Made in:China
Price:$899.99 USD (latest CFX3-35 model)


What’s New & Final Thoughts

You may have noticed that the latestDometic CFX fridges look a little different than the one I’ve been using, and that’s because they were updated at the start of 2020. Besides a few aesthetic changes and an updated compressor, not a whole lot has changed and everything I wrote about will remain true for the latest generation. The larger 55IM model has an integrated ice maker, they made the switch from WiFi to Bluetooth for their smartphone app, and all models feature the latest Varial Motor Speed Optimization compressor.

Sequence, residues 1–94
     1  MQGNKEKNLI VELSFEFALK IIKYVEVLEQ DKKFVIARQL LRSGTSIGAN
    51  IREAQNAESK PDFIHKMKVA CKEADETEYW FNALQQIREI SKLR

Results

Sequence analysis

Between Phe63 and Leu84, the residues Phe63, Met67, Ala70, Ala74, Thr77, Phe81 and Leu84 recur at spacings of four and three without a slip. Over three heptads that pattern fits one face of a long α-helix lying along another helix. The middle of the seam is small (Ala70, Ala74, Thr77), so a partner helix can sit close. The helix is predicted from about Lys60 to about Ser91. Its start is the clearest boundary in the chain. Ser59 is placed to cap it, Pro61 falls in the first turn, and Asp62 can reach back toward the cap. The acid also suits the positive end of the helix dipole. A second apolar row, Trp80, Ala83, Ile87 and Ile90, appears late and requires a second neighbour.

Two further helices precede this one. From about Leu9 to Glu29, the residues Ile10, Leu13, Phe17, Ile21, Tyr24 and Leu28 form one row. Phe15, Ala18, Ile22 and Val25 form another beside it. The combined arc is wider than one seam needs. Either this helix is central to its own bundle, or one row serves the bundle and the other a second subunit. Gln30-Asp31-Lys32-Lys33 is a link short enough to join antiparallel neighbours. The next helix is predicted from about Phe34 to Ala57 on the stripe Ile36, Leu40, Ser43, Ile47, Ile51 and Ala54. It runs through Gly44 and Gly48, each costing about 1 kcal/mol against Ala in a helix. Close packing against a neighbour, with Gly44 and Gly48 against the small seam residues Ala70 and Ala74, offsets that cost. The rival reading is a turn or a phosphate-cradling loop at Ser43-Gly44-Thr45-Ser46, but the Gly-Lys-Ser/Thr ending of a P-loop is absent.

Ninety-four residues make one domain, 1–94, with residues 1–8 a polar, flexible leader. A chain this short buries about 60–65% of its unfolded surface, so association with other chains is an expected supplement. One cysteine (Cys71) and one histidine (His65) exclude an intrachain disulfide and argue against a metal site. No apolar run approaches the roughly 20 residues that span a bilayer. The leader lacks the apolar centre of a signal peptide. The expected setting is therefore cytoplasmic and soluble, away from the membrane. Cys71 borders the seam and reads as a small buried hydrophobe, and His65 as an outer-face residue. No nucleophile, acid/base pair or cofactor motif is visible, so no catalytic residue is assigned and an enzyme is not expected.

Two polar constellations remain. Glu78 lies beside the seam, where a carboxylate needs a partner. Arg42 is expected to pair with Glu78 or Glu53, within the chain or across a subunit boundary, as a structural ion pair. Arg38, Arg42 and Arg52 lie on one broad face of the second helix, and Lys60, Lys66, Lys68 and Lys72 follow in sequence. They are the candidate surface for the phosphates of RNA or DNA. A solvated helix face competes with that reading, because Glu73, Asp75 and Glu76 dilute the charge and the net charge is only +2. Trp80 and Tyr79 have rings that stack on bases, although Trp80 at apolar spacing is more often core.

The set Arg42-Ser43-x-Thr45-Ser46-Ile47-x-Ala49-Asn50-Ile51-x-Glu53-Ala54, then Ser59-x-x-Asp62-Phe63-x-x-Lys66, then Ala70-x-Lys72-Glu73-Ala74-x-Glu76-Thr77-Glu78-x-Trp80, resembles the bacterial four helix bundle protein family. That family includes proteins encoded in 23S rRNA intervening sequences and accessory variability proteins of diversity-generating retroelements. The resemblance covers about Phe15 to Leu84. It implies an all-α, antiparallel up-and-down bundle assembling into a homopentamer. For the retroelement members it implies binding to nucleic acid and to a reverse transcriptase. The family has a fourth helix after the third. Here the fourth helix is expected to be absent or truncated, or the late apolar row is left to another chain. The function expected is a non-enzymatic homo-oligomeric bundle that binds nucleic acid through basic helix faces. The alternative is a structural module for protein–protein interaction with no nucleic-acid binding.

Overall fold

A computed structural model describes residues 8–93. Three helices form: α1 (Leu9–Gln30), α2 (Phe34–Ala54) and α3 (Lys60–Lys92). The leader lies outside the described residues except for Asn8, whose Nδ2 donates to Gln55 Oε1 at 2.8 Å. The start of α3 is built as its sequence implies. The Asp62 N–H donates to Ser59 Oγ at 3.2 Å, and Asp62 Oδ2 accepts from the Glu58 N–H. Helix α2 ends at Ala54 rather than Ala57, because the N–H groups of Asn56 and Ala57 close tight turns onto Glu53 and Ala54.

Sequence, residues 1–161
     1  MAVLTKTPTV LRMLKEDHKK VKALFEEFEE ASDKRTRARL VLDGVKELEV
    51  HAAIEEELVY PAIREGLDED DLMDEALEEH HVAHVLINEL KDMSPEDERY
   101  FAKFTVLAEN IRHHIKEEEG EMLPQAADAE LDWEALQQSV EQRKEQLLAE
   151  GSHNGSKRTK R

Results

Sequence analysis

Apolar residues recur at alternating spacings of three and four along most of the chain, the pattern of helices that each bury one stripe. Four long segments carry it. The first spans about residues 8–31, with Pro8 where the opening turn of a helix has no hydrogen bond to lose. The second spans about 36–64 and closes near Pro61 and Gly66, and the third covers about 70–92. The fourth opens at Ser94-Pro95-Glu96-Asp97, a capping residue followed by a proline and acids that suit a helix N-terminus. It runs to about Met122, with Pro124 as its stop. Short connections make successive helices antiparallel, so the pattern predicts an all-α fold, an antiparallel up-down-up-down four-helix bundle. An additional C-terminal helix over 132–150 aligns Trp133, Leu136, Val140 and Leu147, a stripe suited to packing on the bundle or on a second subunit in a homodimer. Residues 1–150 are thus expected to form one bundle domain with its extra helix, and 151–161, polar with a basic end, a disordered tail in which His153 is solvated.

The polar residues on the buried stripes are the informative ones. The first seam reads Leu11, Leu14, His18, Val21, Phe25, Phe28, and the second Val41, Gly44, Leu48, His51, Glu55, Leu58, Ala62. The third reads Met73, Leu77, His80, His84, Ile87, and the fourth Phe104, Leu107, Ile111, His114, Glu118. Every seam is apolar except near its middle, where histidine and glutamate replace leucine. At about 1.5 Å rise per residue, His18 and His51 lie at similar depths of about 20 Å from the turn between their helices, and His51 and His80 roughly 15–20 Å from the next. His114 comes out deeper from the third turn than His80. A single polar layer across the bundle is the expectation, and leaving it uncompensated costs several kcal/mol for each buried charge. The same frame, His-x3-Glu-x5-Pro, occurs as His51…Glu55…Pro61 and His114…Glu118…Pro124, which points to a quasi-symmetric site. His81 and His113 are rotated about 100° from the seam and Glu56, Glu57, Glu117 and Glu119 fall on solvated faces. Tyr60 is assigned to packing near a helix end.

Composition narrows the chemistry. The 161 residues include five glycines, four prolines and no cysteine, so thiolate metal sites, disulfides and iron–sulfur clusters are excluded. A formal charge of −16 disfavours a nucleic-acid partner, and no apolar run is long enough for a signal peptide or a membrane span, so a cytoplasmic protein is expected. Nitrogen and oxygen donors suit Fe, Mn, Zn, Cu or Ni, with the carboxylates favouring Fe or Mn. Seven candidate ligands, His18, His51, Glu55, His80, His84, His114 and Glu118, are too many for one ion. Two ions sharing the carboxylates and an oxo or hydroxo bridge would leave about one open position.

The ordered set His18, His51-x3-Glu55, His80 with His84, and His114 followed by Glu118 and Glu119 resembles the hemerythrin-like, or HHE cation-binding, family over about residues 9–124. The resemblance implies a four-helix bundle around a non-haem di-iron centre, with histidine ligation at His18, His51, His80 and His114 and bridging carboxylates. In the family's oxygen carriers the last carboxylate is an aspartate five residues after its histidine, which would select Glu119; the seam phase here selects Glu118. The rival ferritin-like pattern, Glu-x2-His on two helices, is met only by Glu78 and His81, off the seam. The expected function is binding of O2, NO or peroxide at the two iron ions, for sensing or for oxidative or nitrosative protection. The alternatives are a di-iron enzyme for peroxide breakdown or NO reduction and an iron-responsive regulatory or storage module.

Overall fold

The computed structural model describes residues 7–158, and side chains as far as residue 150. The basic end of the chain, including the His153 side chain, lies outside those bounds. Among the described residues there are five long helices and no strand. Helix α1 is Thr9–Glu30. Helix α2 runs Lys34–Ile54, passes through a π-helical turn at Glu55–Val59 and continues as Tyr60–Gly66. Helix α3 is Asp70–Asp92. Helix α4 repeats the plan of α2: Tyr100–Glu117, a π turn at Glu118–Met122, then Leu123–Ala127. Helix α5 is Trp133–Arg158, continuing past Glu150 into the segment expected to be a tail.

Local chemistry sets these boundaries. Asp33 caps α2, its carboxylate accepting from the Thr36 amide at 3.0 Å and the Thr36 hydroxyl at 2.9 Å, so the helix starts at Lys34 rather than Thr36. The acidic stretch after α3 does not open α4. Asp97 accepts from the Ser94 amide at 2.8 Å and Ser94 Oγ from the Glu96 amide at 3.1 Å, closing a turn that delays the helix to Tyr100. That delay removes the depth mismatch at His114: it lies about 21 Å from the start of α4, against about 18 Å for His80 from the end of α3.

I’m a huge fan of the Dometic CFX electric coolers. Besides the high price tag, it’s been a game-changer while spending up to half the year on the road and it’s always one of my first recommendations for anyone building up a van of their own. Of course, we can’t expect as many cross country road trips in 2021 with Covid-19 restrictions still in place, but it’ll certainly make local weekend outings more enjoyable. After almost three years of use with no complaints, I think I’ve gotten my money's worth.
Dometic fridge for van conversion